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The critical role of observational evidence in comparative effectiveness research

Fleurence, Rachel L., Naci, Huseyin and Jansen, Jeroen P. (2010) The critical role of observational evidence in comparative effectiveness research. Health Affairs, 29 (10). pp. 1826-1833. ISSN 0278-2715

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Identification Number: 10.1377/hlthaff.2010.0630


Although not the gold standard of clinical research, observational studies can play a central role as the nation’s health care system embraces comparative effectiveness research. Investigators generally prefer randomized trials to observational studies because the former are less subject to bias. Randomized studies, however, often don’t represent real-world patient populations, while observational studies can offer quicker results and the opportunity to investigate large numbers of interventions and outcomes among diverse populations—sometimes at lower costs. But some decisions based on observational studies have turned out to be wrong. We recommend that researchers adopt a “body of evidence” approach that includes both randomized and observational evidence.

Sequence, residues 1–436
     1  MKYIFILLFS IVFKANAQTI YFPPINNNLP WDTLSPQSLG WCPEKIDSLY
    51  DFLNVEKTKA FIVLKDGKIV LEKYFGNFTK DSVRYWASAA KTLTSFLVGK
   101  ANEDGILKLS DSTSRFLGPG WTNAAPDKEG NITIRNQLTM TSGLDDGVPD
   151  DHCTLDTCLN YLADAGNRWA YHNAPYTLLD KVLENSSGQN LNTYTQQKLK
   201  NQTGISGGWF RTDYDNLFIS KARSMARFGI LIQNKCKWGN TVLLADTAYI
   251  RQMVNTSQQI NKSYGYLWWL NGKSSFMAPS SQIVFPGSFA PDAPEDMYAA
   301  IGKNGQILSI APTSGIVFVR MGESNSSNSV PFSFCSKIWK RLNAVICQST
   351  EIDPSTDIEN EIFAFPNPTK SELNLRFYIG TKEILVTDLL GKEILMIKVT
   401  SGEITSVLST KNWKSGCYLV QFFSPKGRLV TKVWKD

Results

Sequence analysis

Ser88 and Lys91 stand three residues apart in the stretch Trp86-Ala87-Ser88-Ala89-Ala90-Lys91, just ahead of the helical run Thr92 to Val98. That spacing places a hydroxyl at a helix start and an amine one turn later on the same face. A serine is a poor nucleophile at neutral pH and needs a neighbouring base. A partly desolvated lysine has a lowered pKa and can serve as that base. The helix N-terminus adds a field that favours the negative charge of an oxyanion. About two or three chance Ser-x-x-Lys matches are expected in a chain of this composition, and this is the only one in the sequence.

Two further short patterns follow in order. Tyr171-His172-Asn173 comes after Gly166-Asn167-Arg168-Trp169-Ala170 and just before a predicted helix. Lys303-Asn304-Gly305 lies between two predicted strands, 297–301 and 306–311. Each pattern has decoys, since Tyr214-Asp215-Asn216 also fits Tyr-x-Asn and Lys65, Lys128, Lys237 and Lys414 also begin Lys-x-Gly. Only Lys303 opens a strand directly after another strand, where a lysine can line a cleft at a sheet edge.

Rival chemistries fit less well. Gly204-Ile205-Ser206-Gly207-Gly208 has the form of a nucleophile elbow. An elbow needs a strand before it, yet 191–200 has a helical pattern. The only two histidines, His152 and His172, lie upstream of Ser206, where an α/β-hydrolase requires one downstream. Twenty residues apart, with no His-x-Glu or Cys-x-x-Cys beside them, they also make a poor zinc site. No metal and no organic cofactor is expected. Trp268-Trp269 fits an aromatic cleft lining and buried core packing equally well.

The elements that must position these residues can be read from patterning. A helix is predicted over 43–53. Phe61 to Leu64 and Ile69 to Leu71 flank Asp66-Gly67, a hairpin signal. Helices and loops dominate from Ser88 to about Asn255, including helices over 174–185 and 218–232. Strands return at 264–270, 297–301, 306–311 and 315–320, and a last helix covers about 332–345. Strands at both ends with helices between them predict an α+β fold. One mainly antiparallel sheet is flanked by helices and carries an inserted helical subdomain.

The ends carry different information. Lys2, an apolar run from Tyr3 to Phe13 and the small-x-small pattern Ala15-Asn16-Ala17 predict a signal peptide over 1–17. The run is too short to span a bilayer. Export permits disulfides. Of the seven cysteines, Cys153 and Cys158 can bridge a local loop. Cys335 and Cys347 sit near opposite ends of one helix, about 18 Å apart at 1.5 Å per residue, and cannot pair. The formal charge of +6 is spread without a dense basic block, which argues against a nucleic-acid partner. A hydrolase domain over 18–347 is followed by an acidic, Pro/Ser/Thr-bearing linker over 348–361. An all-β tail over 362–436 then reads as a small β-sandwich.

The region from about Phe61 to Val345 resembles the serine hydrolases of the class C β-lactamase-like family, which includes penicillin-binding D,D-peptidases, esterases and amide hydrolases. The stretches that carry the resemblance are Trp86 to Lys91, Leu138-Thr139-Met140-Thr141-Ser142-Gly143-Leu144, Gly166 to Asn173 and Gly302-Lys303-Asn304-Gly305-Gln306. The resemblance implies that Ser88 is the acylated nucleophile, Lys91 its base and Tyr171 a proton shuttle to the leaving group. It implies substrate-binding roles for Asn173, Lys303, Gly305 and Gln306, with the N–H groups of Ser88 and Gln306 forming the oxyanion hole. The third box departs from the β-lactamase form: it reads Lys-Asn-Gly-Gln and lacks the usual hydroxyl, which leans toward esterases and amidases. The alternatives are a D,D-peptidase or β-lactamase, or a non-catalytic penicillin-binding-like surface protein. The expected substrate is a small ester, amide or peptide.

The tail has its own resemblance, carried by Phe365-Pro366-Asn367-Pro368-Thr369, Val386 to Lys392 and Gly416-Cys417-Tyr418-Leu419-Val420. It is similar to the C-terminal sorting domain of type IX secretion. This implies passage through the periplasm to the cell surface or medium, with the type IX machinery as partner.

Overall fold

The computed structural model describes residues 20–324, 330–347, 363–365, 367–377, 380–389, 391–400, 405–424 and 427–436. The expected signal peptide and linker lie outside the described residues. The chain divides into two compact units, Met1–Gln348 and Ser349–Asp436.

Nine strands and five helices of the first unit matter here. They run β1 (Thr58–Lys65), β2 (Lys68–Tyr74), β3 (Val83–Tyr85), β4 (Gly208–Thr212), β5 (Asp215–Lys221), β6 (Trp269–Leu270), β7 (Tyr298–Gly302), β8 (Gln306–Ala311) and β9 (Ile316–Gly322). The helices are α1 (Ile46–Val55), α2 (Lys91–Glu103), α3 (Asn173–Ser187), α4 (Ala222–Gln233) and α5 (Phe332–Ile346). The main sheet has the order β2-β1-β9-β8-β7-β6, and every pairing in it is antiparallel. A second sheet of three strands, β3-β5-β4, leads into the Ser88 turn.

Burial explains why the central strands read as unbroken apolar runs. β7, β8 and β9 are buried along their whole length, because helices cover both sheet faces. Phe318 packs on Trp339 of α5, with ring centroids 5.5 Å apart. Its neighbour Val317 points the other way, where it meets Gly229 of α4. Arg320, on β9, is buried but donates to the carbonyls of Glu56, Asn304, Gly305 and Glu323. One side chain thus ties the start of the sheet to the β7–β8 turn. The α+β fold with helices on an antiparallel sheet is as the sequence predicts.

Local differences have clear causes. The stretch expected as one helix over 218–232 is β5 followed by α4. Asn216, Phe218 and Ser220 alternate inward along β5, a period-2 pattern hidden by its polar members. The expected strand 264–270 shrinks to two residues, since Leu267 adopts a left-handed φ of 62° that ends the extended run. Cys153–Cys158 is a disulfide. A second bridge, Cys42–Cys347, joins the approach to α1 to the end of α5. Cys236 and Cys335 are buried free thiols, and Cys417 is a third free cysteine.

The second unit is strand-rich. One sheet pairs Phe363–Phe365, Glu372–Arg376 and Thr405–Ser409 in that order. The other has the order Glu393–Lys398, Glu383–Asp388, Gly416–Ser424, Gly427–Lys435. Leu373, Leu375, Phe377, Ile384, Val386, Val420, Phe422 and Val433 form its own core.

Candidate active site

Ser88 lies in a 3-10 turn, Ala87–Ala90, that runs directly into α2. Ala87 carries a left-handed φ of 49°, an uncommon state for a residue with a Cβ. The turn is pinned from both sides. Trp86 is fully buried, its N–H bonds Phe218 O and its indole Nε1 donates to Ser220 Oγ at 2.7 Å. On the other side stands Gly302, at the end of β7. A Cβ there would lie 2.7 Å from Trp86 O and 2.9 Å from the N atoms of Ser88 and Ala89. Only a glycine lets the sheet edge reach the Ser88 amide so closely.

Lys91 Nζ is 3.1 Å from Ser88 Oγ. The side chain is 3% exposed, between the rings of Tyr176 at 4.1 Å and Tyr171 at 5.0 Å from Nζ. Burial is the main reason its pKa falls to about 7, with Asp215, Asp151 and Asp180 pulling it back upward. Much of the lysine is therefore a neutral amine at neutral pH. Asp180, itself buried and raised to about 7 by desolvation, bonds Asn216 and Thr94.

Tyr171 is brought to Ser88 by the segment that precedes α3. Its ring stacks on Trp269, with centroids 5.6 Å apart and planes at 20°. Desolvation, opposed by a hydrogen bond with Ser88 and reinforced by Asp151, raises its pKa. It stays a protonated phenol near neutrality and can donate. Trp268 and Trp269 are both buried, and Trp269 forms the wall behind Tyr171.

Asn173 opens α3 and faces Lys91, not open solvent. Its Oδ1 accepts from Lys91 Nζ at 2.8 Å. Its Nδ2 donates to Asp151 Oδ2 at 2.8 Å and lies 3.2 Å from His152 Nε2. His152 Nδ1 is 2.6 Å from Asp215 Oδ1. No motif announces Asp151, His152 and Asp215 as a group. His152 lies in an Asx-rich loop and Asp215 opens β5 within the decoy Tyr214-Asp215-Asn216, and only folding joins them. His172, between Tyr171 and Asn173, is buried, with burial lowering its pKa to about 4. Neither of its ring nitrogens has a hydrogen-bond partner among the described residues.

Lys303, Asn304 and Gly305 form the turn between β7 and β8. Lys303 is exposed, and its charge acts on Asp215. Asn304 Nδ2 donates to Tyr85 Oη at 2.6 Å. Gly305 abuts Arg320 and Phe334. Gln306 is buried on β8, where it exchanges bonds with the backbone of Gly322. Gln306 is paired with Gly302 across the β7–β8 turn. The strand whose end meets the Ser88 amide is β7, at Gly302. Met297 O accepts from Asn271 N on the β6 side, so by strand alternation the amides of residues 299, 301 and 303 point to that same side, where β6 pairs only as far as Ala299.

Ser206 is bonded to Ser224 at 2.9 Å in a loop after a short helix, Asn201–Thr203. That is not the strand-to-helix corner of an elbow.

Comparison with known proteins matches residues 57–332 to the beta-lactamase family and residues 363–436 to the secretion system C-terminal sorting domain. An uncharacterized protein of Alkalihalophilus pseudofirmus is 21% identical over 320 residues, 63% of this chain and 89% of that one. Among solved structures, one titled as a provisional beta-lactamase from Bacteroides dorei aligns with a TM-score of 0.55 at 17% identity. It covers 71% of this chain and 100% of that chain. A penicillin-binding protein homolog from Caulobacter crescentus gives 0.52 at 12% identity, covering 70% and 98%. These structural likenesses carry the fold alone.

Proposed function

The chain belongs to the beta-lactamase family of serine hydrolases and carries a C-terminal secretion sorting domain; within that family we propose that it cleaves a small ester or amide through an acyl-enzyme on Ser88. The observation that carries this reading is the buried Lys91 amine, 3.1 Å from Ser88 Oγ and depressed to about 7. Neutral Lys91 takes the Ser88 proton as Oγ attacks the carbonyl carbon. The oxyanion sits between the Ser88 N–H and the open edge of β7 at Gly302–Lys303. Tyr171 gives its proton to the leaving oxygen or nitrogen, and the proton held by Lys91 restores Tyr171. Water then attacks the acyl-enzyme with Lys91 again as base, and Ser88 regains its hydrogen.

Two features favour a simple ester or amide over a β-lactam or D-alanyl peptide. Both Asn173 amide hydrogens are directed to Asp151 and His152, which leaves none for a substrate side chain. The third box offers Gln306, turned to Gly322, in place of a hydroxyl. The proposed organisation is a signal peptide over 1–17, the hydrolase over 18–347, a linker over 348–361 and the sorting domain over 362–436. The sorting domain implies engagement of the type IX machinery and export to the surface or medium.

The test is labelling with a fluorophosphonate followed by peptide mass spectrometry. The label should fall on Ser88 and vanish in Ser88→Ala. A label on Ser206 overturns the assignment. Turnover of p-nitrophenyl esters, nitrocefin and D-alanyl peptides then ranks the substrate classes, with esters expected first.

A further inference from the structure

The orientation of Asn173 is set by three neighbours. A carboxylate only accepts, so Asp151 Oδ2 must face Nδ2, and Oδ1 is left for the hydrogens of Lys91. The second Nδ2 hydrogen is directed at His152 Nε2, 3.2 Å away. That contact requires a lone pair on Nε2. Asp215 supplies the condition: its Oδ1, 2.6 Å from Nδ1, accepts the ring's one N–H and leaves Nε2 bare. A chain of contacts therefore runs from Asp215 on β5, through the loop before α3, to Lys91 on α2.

Item Type: Article
Official URL:
Additional Information: © 2010 Project HOPE - The People-to-People Health Fouhdation
Divisions: LSE Health
Subjects: R Medicine > RA Public aspects of medicine
Date Deposited: 04 Feb 2014 10:07
Last Modified: 02 Jul 2024 05:06

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